The open ventilation system caused immediate catastrophic flooding of the forward compartments. Suvorov ordered an emergency ballast blow, but the operator became confused and shut the flood valves on the bottoms of the tanks, while opening the vents on the tops of the tanks. About half of the boat's supply of high-pressure air was wasted through the vents without displacing any water. The forward compartments took on about 420 cubic meters (420 tons) of water before the ventilation system could be secured, killing 14 men immediately. At about midnight, the boat hit bottom, about 39 meters down. Although Suvorov had made mistakes that contributed to the sinking, his insistence on a test dive had saved the remaining men: the torpedo firing range was around 200 meters deep. If Suvorov had proceeded there directly, K-429 would have been lost.
The boat's emergency buoys and escape capsules had been welded to the hull to prevent losing them at sea, so escape would require the crew to make a free ascent in Arctic waters. Suvorov assumed that his report that he would make a test dive had been received, and that the duty officer would give the alarm in about an hour when he failed to report re-surfacing. He ordered his crew to remain at their stations and await rescue, even though the boat's battery had begun releasing hydrogen.
Several hours later, during the morning of 25 June, Suvorov called for volunteers. Two of his original crew donned escape gear, locked out of the torpedo room escape trunk, and successfully ascended to the surface. They saw no ships in the area, so they swam to shore, where they were arrested by military police.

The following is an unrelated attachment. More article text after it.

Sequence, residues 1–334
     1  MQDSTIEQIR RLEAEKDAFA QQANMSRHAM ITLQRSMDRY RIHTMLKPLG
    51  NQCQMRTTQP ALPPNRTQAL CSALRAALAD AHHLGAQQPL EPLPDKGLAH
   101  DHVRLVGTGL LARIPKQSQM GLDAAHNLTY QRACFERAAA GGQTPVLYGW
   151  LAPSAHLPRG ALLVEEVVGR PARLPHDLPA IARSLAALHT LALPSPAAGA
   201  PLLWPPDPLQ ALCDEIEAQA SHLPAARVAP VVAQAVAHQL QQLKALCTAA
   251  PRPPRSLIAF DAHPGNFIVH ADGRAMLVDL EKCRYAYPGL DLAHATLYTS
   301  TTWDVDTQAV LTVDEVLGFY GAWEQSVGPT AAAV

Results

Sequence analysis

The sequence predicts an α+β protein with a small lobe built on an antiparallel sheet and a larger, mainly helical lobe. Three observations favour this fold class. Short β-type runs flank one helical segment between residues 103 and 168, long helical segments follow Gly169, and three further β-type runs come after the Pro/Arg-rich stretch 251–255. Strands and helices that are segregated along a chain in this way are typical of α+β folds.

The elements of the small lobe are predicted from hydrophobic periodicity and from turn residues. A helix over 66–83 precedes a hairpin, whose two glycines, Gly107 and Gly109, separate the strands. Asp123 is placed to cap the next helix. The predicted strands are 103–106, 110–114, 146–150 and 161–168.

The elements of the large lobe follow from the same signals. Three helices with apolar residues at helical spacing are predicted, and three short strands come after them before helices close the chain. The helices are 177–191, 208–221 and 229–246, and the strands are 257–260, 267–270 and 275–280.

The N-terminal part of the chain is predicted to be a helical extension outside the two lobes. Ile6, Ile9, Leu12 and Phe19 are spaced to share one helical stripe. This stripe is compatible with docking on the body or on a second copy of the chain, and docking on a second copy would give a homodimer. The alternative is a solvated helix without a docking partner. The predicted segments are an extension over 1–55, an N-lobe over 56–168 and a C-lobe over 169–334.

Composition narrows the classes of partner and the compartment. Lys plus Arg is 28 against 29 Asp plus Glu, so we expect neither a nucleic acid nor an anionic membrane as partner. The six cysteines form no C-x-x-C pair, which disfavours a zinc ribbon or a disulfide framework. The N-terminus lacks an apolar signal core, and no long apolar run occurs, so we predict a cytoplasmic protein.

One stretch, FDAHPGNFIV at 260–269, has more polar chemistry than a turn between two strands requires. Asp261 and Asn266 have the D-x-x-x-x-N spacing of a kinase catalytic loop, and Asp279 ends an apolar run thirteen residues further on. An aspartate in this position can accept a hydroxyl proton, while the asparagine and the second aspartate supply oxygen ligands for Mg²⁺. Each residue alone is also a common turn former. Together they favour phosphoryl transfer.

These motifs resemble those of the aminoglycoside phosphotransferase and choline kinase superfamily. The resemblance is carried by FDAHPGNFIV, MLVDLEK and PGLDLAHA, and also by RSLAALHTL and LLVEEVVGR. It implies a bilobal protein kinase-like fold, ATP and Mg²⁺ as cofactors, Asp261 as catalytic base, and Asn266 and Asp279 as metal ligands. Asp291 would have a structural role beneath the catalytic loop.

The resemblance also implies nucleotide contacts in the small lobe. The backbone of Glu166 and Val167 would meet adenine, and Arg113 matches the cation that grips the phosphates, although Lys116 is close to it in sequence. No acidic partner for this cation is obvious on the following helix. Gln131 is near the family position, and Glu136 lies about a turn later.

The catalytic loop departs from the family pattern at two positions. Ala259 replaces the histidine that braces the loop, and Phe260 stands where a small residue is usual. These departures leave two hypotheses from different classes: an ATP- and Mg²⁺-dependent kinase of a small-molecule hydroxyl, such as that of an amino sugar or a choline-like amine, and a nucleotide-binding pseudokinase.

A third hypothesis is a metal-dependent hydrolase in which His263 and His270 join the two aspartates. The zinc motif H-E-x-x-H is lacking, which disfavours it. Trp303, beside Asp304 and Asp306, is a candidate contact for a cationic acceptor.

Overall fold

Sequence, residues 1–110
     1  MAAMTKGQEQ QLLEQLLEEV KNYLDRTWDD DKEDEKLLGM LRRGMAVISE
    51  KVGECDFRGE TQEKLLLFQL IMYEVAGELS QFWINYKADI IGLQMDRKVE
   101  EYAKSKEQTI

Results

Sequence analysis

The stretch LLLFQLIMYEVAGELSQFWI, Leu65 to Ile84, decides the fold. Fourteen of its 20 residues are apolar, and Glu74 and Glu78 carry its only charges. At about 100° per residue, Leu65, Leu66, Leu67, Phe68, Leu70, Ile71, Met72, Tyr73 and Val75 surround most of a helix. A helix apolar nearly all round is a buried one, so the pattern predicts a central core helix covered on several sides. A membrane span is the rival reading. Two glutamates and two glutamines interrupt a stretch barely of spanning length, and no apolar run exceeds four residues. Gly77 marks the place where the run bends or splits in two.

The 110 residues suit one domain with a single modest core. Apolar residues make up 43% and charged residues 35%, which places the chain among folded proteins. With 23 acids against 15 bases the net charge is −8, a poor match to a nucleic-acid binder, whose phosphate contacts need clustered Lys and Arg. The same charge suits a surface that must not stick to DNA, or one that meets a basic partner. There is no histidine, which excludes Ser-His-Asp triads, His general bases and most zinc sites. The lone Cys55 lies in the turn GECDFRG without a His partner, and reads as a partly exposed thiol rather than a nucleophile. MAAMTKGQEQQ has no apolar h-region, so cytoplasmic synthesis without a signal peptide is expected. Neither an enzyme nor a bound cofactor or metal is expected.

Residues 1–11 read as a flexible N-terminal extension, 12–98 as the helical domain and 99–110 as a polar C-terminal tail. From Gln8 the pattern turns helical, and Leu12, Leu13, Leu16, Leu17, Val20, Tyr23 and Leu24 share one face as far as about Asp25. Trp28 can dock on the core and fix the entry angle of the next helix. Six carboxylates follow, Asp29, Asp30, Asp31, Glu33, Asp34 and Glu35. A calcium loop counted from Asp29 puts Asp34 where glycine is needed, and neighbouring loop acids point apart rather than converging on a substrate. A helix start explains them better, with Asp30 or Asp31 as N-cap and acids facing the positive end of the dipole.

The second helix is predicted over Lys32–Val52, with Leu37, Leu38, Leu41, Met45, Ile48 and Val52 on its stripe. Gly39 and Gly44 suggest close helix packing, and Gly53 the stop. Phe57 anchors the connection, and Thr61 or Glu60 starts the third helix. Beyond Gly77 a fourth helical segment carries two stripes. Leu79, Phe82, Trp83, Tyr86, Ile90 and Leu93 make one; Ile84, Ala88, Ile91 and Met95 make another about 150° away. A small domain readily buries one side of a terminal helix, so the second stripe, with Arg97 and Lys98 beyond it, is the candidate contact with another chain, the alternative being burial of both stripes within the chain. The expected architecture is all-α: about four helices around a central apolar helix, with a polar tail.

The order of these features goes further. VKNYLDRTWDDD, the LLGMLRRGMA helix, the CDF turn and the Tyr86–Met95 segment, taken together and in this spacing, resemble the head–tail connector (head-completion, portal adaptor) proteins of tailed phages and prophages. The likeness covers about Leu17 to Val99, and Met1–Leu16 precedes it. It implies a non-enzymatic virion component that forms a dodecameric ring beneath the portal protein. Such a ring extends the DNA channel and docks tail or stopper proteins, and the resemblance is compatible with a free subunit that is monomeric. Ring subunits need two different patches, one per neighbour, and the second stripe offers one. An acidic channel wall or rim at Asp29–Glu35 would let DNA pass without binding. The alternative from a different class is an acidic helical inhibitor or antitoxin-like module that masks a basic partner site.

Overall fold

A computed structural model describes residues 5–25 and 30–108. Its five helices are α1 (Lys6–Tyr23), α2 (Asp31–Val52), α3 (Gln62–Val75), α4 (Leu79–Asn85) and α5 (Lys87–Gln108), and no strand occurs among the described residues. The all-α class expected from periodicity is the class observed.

Their report reached Admiral Yerofeyev at about noon. By 19:15 that evening, the boat had been located, and the first sailor ascended to the waiting rescue ships at 22:36. During the rescue, two more seamen were lost during their ascent. The last seaman reached the surface at 23:00.
On 6 August K-429 was raised and towed into shallow water, and salvage began. It transpired that the reactor had shut down automatically, but that its control rods had jammed before reaching their full stroke and the reactor had been operating at about 0.5% power since the disaster. No radiation or contamination leakage was found. On 8 August, K-429 was raised into dry dock.
Suvorov was sentenced to ten years in prison. Likhovozov, chief of the fifth compartment, was sentenced for eight years. They were arrested in the barracks where the court took place, without letting them say good-bye to their wives. Suvorov told an interviewer, "I am not fully innocent. But a fair analysis should have been made to avoid such accidents in the future. I told the judges in my concluding statement: if you do not tell the truth, others do not learn from bad experiences — more accidents will happen, more people will die."
Admiral Yerofeyev was promoted to Commander-in-Chief of the Northern Fleet.
On 13 September 1985, K-429 sank at her moorings. She was again raised and decommissioned.